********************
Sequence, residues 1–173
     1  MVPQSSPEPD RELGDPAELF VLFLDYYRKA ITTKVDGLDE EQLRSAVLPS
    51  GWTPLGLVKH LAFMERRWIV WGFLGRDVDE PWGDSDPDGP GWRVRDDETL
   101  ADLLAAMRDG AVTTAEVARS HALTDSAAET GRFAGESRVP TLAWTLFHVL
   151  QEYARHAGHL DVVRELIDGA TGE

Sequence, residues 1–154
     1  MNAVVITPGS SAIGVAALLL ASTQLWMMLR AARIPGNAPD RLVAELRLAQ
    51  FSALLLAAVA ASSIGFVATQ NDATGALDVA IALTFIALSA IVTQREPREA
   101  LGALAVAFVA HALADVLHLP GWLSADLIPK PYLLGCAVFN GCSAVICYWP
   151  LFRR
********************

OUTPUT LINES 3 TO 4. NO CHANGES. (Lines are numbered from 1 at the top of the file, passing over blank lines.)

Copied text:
    51  GWTPLGLVKH LAFMERRWIV WGFLGRDVDE PWGDSDPDGP GWRVRDDETL
   101  ADLLAAMRDG AVTTAEVARS HALTDSAAET GRFAGESRVP TLAWTLFHVL